One of my top soapbox issues is the status of our
broken Healthcare system. It continues to bother me to no end. I suspect that I
will continue to revisit this subject often. Here are a few bullet points that
I hope will garner your attention:
Our country has by far the most expensive system
among all counties
In 2018 the cost of our healthcare system was
$11,600 for every man, woman & child!
The average per capita cost for the EU, Canada,
Australia & NZ was about $3,800 or 3x our cost.
According to the WHO (World Health Organization) almost
all of these countries deliver a superior healthcare product. (We rank 37th
among all counties)
The Government pays for less than 30% of this, $1.1
trillion in the form of Medicare & Medicaid. The remainder is paid either
by companies’ insurance benefits or by the tax payer in the form of premiums,
co-pays and for some self-insured it is simply out of pocket. I could not fund
a breakdown between what employers’ pay vs. others.
The Cost of Medicare & Medicaid is the single
largest Budget Expense at almost twice that of what we spend on Defense and it the major
contributor to the annual deficit.
Since there are much cheaper and better systems
available to our leaders their inaction levies a very high tax on the tax
payer. I have referred to this as a “hidden” tax since you do not realize that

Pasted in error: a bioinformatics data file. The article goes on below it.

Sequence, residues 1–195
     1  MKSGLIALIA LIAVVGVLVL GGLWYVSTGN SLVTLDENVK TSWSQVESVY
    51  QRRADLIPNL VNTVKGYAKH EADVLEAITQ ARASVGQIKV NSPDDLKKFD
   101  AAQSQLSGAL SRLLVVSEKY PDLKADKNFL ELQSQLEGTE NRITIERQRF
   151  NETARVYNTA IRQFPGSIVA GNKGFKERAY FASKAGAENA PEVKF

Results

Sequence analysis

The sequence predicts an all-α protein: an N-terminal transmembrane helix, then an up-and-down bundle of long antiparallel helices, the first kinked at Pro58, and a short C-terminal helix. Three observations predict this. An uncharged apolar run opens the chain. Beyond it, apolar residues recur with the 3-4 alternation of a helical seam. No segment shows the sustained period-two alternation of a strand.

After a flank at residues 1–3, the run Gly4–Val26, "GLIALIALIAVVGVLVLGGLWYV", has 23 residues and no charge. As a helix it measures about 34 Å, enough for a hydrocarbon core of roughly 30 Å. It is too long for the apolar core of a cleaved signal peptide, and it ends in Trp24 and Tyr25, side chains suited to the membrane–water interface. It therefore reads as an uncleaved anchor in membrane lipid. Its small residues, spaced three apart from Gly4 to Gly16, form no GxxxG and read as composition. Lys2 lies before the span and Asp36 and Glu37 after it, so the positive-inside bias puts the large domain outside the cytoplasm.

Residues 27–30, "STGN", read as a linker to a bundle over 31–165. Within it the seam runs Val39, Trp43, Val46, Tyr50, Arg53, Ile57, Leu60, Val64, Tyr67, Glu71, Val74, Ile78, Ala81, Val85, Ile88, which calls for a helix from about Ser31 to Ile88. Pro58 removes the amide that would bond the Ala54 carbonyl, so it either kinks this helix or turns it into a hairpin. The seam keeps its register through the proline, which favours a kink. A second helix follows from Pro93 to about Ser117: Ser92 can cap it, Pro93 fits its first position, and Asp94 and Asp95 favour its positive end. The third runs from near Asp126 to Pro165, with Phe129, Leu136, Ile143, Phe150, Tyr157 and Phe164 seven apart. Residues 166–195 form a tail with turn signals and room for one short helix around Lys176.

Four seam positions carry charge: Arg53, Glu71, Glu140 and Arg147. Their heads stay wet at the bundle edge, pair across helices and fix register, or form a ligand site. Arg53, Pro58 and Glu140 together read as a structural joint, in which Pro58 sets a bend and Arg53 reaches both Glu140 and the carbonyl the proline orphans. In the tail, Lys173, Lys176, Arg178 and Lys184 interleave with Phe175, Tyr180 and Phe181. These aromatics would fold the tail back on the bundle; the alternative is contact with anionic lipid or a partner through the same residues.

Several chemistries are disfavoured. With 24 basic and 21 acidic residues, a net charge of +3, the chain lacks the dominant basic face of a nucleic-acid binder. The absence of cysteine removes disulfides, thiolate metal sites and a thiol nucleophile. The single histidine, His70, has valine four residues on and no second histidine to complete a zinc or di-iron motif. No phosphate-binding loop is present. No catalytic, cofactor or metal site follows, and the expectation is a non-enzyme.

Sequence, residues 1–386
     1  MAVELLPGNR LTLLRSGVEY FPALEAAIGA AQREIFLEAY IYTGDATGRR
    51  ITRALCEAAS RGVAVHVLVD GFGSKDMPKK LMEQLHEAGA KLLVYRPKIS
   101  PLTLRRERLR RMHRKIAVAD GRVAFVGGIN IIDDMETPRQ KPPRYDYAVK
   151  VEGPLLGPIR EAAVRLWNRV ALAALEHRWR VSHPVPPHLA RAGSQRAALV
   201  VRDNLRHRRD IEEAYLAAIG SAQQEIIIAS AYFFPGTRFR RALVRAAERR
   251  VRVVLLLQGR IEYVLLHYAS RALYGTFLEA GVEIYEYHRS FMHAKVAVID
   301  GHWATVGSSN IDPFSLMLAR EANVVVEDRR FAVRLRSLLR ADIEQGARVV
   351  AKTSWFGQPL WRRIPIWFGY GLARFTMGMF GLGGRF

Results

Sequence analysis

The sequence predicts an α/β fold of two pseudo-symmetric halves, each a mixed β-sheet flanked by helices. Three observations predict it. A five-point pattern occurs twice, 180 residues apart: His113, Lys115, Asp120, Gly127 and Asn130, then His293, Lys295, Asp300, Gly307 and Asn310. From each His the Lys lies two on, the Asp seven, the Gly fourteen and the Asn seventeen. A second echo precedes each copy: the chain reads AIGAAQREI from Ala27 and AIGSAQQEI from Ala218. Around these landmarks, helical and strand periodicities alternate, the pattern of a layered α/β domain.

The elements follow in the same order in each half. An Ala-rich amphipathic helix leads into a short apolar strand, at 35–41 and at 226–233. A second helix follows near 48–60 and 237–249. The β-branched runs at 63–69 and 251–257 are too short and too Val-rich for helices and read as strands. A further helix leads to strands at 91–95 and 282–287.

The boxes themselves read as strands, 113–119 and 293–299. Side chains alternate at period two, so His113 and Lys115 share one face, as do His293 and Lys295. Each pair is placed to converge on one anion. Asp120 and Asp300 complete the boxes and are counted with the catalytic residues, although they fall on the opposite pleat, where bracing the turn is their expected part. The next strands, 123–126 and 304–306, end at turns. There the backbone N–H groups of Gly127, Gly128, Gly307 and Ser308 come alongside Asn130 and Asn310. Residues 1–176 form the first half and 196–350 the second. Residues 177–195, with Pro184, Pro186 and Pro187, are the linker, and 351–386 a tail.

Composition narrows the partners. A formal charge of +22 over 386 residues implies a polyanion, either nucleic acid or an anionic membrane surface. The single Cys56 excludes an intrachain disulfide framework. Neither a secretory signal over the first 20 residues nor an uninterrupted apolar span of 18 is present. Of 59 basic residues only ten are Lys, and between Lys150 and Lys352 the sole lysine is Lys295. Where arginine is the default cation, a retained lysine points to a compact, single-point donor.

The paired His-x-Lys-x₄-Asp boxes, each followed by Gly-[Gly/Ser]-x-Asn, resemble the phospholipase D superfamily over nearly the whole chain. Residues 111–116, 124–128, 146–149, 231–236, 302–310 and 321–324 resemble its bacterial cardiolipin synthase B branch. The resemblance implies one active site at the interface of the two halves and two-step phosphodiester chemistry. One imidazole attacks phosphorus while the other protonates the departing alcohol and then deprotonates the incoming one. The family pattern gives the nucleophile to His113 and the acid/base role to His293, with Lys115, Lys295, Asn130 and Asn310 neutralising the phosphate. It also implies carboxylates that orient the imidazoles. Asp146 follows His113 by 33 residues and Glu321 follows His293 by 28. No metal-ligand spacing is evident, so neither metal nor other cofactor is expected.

you are paying it.
Many smaller industries have their hand in our very
lucrative system. For details on those I would refer you to earlier posts to my
blog. The solution is not very complicated and the reason that it will likely
never happen has to do with so much money being made in the private sector.
Again, I would refer you to prior posts on this same subject for the details.
The high cost of health
care can have several negative effects, including the following:
When the government spends more on health care, the
national debt increases and/or funds available for other programs decrease.
When people spend more on health care, they have
less money to spend for other things, and when health insurance is paid by
their employer, they are paid less.
When employers spend more on health care, the costs
of their products and services increase, and jobs may be moved to countries with
lower health care costs.
More people cannot afford health care insurance.
When people without health care insurance receive health care, they usually
cannot pay for it. As a result, this care is paid for by other people who are
paying into the health care system. Or, people without health care insurance
may not seek care when they need it and thus develop a serious disorder that
could have been prevented.